Wall Street tumbled on Thursday, with hundreds of billions of dollars wiped off the value of America’s booming tech sector amid worries of a Nineties-style bubble.
The tech-heavy Nasdaq dropped nearly 5pc as heavyweights such as Apple, Amazon, Microsoft and Facebook lost ground. The index has notched up a string of record highs in recent weeks.
Ann Berry, a partner at US private equity firm Cornell Capital, told Bloomberg TV the sell-off was the product of investors cycling out of tech stocks to even out their exposure to price falls.
“What we are seeing is a little bit of profit-taking now in the big tech sector as people look to rebalance their portfolios going into the last part of this year,” she said.
Some analysts have warned of a bubble similar to the dotcom boom of the late Nineties and early 2000s, but consensus is far from clear.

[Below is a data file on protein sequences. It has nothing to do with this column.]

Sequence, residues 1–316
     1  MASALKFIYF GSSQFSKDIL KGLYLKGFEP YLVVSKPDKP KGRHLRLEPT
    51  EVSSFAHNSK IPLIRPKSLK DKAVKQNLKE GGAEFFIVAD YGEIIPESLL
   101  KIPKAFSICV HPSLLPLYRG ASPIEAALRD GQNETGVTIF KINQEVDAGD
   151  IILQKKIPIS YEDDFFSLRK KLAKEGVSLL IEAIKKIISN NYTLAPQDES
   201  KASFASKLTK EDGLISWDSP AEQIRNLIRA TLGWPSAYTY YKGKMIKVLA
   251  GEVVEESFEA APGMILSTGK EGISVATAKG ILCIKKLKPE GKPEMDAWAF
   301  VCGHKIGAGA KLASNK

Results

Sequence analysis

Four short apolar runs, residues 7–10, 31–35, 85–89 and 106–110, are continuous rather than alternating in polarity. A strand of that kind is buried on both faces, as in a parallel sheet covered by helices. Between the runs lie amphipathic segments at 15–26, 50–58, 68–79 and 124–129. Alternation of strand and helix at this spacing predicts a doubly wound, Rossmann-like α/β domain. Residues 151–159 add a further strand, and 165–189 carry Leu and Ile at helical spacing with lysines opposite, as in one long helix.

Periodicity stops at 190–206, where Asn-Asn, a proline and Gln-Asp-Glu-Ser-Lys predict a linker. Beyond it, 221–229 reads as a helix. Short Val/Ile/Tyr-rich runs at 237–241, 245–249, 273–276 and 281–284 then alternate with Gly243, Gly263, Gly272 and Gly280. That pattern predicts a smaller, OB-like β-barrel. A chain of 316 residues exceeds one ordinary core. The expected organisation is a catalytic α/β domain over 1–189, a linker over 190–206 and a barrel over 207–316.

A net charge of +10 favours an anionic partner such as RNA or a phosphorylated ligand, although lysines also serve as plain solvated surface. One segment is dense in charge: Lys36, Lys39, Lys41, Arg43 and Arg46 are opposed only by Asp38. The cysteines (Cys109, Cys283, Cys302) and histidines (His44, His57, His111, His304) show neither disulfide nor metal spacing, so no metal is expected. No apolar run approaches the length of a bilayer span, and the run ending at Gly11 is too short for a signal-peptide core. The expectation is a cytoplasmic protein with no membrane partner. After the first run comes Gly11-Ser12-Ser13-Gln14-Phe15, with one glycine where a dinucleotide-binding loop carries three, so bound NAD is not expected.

Others have pointed to the stock market’s mighty bull run as testament to the effect of the massive economic stimulus unleashed by governments and central banks.
David Miller, investment director at Quilter Cheviot, said investors were “behaving rationally” by piling into companies that had succeeded through the pandemic.
“Investors have allocated more money to companies that are thriving, with those able to survive close behind. On the other side of the coin, those companies with products or services that we no longer need or require are struggling for attention,” he added. “Many will not survive.”
CBOE’s Vix index – a measure of expected S&P 500 price shifts known as Wall Street’s “fear gauge” – has risen hand-in-hand with soaring equity valuations in recent weeks.
Peter Garnry, head of equity strategy at Saxo Bank, said the move was due to “heavy volume in call options” – bets on upwards price moves – across popular stocks as Apple and Tesla.
He pinned this on the so-called ‘Robinhood effect’, referring to the phenomenon of commission-free retail trading that has soared in popularity amid global lockdowns.
“These options dynamics are causing massive intraday volatility in certain stocks, so we recommend traders and investors to prepare for large sudden intraday moves,” he wrote in a note to clients.